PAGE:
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Bright & Brief

September 1, 1989

ELLWOOD CITY, Pa. (AP) _ City police have a weapons problem. Should they keep their .45-caliber Thompson submachine gun, made in 1921, or sell it to a collector for a fat profit?

Lt. Ronald Gilchrist said officers still use the gun for training and take it along when responding to potentially dangerous calls in their community about 35 miles northwest of Pittsburgh.

But the tommy gun is not practical compared to modern weapons, Gilchrist said. It is heavy and replacement parts are hard to find.

″It would be like comparing a new car to a Model A Ford,″ he said.

Some officers want to keep it for nostalgia reasons.

But Gilchrist said the department needs modern weapons like M-16 rifles or 9mm handguns. He estimated the Thompson’s value at more than $4,000 to collectors.

″The value of it is so great that it’s not worth us having to use it and breaking it,″ he said.

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HENRYETTA, Okla. (AP) - An anonymous donor who already gave $75,000 to City Hall and $25,000 to a local hospital is at it again, leaving his recipients pleased and curious.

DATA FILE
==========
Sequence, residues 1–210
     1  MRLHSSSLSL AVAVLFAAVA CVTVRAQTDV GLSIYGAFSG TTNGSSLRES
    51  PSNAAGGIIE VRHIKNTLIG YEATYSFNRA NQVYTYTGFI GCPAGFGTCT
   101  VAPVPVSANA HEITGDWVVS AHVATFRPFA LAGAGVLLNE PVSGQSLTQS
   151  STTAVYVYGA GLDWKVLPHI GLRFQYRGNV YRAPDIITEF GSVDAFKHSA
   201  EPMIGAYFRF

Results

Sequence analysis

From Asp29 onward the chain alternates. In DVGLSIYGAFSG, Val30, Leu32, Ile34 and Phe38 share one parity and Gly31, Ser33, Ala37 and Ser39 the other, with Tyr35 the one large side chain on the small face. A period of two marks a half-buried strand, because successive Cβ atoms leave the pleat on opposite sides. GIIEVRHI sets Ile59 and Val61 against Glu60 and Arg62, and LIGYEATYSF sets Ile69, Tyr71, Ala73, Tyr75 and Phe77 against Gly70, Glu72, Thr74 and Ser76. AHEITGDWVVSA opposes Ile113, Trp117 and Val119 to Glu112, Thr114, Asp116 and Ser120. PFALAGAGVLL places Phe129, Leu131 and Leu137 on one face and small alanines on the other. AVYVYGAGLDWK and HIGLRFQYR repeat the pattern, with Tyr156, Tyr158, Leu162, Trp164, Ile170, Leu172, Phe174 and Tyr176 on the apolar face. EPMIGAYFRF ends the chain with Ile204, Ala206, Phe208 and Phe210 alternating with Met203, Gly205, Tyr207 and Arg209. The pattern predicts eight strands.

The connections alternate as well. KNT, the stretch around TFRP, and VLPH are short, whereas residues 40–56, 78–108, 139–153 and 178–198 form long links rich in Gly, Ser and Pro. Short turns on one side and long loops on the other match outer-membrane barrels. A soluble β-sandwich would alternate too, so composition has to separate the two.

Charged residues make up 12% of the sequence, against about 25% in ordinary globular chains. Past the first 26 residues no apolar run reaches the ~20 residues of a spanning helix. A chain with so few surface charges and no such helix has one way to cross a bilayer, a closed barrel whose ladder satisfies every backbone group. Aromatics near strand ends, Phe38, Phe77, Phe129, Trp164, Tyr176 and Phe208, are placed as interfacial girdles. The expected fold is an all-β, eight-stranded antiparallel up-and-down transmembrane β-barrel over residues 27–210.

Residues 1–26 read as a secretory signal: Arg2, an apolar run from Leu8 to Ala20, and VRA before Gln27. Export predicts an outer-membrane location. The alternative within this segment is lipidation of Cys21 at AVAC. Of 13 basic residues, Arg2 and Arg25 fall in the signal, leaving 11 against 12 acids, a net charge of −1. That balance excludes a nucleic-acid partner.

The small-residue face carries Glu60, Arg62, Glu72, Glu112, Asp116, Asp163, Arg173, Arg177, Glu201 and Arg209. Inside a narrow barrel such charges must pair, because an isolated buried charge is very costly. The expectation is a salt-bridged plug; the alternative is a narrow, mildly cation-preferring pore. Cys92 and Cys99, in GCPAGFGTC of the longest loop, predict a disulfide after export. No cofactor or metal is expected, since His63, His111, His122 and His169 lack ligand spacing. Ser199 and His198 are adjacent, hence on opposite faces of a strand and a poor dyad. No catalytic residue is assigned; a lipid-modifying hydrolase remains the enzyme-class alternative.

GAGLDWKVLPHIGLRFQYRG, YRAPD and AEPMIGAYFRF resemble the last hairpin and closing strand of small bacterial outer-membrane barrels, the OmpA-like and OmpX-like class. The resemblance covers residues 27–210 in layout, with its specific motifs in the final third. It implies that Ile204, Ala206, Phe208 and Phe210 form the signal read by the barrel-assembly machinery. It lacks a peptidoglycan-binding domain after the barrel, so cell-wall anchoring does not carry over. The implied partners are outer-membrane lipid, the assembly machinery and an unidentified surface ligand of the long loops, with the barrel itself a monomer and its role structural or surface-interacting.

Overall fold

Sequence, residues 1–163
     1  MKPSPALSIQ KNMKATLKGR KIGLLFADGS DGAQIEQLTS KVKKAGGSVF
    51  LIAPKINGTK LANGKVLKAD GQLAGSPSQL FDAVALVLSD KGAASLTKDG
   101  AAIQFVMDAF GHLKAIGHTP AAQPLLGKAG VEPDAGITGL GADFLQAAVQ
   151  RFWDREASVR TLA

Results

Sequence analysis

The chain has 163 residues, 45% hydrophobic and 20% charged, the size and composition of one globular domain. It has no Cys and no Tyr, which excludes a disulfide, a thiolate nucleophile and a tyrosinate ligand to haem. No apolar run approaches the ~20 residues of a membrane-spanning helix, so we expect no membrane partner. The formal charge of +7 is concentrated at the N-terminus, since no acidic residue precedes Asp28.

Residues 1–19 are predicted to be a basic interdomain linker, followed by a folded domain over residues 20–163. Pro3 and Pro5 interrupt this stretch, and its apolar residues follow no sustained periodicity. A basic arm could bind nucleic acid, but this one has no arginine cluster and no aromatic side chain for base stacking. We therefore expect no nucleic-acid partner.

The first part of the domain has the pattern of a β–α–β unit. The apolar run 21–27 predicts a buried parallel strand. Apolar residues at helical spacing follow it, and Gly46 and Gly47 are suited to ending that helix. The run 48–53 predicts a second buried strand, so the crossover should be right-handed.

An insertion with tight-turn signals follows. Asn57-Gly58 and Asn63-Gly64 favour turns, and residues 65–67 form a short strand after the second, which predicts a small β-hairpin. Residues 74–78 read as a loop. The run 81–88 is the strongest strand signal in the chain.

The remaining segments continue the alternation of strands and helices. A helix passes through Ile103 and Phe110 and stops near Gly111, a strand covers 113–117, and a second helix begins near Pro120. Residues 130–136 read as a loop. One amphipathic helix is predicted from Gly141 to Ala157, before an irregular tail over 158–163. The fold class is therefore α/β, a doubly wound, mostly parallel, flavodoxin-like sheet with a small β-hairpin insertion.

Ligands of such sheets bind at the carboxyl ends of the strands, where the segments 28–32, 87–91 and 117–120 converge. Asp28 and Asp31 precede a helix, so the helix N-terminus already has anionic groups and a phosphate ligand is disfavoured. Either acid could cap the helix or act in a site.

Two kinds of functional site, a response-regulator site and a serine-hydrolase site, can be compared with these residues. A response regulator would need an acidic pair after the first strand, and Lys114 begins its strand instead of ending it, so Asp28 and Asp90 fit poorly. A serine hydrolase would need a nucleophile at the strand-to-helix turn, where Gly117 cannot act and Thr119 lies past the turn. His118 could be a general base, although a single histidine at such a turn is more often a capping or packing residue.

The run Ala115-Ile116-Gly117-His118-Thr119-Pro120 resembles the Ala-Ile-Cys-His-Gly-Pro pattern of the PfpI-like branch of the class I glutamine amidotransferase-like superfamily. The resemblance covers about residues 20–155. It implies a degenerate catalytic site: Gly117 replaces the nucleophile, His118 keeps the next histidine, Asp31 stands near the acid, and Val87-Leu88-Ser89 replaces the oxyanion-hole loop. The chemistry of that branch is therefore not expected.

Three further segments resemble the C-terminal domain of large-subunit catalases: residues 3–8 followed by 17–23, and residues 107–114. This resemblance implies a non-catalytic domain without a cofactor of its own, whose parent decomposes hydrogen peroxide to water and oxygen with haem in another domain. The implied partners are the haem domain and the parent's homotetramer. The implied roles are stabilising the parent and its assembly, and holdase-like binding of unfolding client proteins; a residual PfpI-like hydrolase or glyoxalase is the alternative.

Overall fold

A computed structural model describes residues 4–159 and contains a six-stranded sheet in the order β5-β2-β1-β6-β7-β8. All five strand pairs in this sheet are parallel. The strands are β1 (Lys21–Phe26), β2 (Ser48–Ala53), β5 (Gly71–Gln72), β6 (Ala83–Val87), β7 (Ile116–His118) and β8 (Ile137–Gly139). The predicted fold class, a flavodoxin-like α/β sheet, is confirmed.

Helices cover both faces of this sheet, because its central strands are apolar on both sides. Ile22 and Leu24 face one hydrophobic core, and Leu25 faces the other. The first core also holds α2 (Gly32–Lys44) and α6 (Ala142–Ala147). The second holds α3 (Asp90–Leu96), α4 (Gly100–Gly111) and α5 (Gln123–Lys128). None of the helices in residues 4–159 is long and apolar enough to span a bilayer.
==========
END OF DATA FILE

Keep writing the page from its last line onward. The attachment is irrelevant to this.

″Everybody is speculating on who it is,″ School Superintendent Jim Wills said.

The donor, who again has said the only condition of his gift is that his identity be kept secret, also gave $25,000 to First United Methodist Church for a building project, $10,000 to a local Girl Scouts group and $5,000 to school bands.

″It’s just one of these incredible things,″ David Croninger, pastor of the United Methodist Church, told the Tulsa World. ″He’s a quiet person. He doesn’t stand out.

″It’s been clear to me he just doesn’t want any attention, so I just say ‘Hi’ and leave it at that when I see him. And that’s just the way he wants it.″

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DRAYTON PLAINS, Mich. (AP) - People are always leaving papers behind at John Miller’s print shop, but a $5,000 municipal bond caught him by surprise.

″There’s a lot of bills I could pay,″ said Miller, owner of Typography Etc., where a female customer left the bond last month. Since then he has been trying unsuccessfully to find her.

Miller won’t reveal the owner’s name because he wants her to identify herself.

″This is the most valuable thing somebody left behind,″ Miller said. ″Usually it’s a work schedule from McDonald’s, sometimes it’s a 1040 (federal tax form). But they always come back, which is why I know she doesn’t know she left it.″

The customer left the 1969 Detroit municipal bond when she came in to copy documents that belonged to her recently deceased father.

She wanted to copy the documents quickly, however, so Miller said he referred her to another shop with high-speed equipment.

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